A’s 10, Brewers 6
Brewers now 68-49 (1st by 4.0 games)
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OAKLAND — For the first time since July 7, Brewers pitchers allowed double digit runs. And well… when that happens, you’re typically going to lose.
You wouldn’t expect the Brewers to allow double digit runs to the A’s, a team that hit .210 through the first four games of their current homestand. But in the series opener with the Brewers, it happened.
This loss falls on starter Moose Haas and reliever Jerry Augustine. Haas never had it. He allowed two runs on a Tony Armas home run in the first. He escaped the second after allowing the A’s to load the bases. And in the third, he allowed three more runs on four hits. He allowed 11 baserunners in all.
Haas was awful. But Jerry Augustine may have been worse. He took the mound to start the fourth and could retire only one batter. He walked three, allowed one hit and threw a wild pitch. Dwight Bernard eventually cleaned up the mess (or attempted to), but when all was said and done Augustine had allowed four runs in one third of an inning.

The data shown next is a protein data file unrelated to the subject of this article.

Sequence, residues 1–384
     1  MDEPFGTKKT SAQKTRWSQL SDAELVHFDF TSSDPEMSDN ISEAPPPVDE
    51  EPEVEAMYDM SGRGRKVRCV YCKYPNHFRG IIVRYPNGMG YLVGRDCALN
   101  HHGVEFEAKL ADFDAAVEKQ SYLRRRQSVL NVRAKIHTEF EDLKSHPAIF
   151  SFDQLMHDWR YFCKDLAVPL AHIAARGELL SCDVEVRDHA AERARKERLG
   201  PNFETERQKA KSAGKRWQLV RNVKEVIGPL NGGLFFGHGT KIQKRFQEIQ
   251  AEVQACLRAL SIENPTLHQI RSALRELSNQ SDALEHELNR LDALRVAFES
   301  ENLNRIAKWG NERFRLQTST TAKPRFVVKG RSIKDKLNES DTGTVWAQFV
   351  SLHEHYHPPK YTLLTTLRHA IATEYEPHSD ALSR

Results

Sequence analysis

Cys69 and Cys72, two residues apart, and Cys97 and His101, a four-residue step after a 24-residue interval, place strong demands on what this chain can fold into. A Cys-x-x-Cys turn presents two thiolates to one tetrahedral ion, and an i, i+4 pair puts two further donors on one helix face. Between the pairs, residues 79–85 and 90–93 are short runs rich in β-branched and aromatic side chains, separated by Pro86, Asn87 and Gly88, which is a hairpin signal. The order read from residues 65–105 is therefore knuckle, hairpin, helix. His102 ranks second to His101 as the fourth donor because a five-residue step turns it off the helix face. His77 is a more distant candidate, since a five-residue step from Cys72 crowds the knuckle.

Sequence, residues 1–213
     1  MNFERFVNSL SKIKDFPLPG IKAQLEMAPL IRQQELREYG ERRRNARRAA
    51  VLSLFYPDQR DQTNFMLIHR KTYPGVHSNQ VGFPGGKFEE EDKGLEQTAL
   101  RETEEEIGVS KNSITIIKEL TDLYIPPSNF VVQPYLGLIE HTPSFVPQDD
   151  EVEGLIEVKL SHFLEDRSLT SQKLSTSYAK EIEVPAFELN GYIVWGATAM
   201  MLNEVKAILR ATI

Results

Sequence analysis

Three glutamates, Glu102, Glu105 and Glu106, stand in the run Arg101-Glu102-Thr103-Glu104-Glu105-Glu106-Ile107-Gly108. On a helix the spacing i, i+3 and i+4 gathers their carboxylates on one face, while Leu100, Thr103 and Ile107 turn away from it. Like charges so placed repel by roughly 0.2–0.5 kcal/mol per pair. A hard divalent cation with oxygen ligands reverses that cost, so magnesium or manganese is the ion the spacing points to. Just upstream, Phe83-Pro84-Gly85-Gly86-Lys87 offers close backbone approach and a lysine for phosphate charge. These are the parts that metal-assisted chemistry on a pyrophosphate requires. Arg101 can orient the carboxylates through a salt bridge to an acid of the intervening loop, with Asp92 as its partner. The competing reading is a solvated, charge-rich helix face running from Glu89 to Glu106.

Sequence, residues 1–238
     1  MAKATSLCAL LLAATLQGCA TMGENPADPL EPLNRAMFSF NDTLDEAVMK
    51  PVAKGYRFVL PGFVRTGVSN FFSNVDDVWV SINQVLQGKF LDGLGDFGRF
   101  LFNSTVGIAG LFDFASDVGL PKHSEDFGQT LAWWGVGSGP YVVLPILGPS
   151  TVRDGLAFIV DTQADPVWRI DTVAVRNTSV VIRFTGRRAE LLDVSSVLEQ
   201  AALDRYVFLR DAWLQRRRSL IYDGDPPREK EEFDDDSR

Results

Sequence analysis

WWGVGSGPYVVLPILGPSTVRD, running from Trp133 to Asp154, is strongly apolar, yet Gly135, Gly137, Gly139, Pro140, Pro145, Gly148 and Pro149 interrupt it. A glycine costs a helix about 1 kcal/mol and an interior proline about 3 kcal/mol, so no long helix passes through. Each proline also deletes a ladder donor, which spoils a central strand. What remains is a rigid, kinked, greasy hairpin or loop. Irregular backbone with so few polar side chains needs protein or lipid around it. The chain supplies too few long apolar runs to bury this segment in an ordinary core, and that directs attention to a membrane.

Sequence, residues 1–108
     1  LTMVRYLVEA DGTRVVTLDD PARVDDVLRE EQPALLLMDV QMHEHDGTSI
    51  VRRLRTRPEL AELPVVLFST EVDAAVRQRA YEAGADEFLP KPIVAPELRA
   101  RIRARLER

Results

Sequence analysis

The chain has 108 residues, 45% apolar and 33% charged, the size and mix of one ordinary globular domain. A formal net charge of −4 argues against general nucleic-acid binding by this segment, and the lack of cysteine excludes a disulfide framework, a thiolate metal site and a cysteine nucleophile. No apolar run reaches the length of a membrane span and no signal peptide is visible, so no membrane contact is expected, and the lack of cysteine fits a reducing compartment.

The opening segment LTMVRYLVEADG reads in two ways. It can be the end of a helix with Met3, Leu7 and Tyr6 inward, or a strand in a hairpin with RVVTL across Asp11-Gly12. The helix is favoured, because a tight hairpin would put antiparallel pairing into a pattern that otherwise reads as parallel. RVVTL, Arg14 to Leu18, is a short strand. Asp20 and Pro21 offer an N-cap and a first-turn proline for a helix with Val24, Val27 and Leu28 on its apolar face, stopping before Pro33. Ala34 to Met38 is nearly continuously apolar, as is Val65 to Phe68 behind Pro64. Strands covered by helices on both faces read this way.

By the end of the fourth inning, the Brewers were already down 9-2. These may be “Harvey’s Wallbangers,” but that’s a deficit even this mythical bunch can’t overcome.
Sure, they tried. Robin Yount, steadily making his case as the American League Most Valuable Player, had three hits including his 21st and 22nd home runs. Cecil Cooper went 3-for-3 and knocked out his 24th before leaving with a slight hamstring pull in the sixth inning. The Brewers scored four runs in the final two innings, but it would be too late.
Milwaukee has now lost three straight, but luckily for them the Red Sox lost again, falling 10-2 to the Angels. The Red Sox have lost 12 of 18 games, allowing the Brewers some breathing room.
Game Notes: Oakland’s Rickey Henderson stole his 110th base of the season, pulling him to within eight of the record set by Lou Brock.